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Title 42 changes calculus of migrants at U.S-Mexico border



Migrants go back across the Rio Grande at Ciudad Juárez on May 13 after Texas National Guard members tell them to leave the spot where they had gathered under the Ysleta-Zaragoza Bridge at El Paso in hopes of surrendering themselves to seek asylum in the United States. (Danielle Villasana for The Washington Post)

CIUDAD JUÁREZ, Mexico — The night after the U.S. pandemic-era expulsion order expired, the Southwest border grew quiet. This was the perfect opportunity, Gerber Callejas reasoned, to grab his wife, young son and the few belongings they possessed after fleeing El Salvador and walk across the international bridge to ask for asylum.

Callejas had prayed for the end of Title 42 restrictions, which denied most migrants the opportunity to make claims for protection. He had tried to book an appointment with immigration officials through the new U.S. Customs and Border Protection app, but it repeatedly spit out error messages. For nearly six months, Callejas’s family had languished in Ciudad Juárez while waiting for a chance to enter the United States.

When the family reached the U.S. entry point, officials prioritized the nearly 100 people in line with appointments. But the family was determined to wait. The night grew long and temperatures dipped. Mexican officials began urging them to leave. They refused.

For Callejas, Juárez was a city every bit as dangerous as the homeland he left behind. In El Salvador, criminals had stalked and threatened him after demanding extortion fees he refused to pay, he said. In Mexico, his family had been kidnapped shortly after arriving at the border. They were freed after paying a ransom and were left on the streets, where they were routinely hungry, sick and without a roof over their heads.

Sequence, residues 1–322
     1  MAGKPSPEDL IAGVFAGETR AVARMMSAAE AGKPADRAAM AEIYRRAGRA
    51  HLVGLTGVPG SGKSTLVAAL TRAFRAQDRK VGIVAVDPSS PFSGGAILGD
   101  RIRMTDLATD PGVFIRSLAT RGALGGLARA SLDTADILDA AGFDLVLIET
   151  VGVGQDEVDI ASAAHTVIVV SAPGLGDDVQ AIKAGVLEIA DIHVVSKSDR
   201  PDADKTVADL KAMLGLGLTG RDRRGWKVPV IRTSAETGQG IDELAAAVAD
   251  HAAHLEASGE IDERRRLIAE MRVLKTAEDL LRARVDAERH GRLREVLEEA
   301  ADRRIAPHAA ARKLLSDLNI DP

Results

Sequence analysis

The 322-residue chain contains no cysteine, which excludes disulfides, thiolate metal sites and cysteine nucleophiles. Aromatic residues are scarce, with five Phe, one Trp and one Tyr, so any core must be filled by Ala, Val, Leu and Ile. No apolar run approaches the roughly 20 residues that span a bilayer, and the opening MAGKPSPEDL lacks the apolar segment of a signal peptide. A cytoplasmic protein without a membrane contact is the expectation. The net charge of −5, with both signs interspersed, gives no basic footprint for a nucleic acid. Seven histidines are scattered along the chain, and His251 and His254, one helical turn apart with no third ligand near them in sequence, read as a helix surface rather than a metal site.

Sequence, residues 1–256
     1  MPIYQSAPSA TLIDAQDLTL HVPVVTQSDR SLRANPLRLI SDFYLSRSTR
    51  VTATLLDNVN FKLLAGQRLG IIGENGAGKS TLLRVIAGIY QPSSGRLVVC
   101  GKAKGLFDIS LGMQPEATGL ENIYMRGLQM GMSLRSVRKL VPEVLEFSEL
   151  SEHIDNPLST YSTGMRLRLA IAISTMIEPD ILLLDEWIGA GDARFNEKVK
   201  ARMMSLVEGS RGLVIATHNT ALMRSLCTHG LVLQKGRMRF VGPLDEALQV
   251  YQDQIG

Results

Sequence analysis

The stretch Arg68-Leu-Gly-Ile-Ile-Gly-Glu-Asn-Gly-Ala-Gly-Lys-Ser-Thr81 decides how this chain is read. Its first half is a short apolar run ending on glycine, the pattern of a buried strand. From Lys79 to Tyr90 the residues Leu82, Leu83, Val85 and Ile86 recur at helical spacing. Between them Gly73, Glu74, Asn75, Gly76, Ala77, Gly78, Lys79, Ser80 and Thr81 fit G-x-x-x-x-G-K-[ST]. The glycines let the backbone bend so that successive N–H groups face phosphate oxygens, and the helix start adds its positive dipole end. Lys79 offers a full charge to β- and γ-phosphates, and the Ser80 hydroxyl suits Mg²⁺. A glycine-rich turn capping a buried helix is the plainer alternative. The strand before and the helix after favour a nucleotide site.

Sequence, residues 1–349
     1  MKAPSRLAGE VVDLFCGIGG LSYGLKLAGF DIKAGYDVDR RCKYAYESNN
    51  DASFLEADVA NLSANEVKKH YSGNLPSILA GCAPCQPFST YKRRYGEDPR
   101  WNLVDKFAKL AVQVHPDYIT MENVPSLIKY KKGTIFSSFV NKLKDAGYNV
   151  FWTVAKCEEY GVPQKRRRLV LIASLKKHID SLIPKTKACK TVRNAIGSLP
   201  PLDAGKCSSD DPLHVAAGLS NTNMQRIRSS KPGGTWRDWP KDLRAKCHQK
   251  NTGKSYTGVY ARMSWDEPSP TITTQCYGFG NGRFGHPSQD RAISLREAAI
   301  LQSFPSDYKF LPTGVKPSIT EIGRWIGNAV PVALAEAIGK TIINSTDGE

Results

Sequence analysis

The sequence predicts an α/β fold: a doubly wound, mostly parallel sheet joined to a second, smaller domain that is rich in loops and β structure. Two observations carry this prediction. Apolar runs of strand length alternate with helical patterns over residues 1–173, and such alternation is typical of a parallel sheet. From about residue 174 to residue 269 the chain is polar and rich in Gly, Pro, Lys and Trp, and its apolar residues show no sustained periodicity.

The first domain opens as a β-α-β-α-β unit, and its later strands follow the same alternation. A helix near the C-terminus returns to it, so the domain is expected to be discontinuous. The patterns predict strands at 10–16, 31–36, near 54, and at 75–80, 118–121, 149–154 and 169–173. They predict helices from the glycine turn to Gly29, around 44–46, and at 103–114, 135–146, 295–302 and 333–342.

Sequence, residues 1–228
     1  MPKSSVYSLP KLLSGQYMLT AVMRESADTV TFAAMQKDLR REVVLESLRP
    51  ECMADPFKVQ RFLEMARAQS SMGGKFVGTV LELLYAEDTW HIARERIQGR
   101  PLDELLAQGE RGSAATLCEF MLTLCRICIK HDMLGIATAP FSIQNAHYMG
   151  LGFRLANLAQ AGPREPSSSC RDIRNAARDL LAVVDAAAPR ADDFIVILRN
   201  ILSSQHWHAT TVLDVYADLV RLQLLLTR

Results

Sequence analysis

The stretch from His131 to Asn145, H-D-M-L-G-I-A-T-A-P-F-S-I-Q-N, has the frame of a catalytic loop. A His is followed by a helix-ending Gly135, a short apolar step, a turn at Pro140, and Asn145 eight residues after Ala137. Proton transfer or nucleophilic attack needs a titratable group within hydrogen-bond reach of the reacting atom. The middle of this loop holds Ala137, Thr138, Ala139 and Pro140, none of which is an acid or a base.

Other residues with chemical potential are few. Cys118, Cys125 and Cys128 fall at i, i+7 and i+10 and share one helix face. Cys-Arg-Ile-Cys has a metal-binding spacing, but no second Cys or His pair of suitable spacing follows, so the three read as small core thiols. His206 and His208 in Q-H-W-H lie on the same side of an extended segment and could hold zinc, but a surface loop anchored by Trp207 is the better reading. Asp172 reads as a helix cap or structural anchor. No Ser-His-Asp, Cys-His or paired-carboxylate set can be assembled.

As he waited in line now at the U.S. border, he grew stressed, his heart pounding so anxiously in his chest he thought he could feel his blood pulsing in his ears.

“I’m not asking for a gift,” he said. “I’m asking for protection.”


Callejas had studied U.S. asylum policy on the way north and knew he had the right under federal law to ask for refuge. As the clock ticked to 10 p.m., Mexican officials approached.

He didn’t know whether they were coming to tell him to go away or if he could finally move forward.

The end of Title 42 pandemic restrictions at the border brought confusion, anxiety and fear that ultimately dissipated in a lull. The predictions of immediate chaos and catastrophe at the border in the U.S. Southwest did not materialize — at least, not in the way described or imagined.

Instead of a sustained uptick in detentions, the number of people caught crossing the border illegally has declined as migrants reassess how best to enter the United States. Although all can now apply for asylum, qualifying is difficult.

Migrants must vie for the 1,000 daily appointments available through CBP’s new app — a difficult feat for many without smartphones or strong internet connections. And at the U.S. border, asylum seekers must demonstrate that they sought protection somewhere else if they passed through other countries on their way to the United States.

Meanwhile, the consequences for entering illegally are stiffer. Under Title 42, more than 2 million migrants apprehended at the border were returned to Mexico, but they could quickly reenter the U.S. without risking a criminal penalty. Now, as before the pandemic, migrants deported after crossing the border face a five-year ban from entering the U.S. again, with the possibility of jail time if they are caught doing so.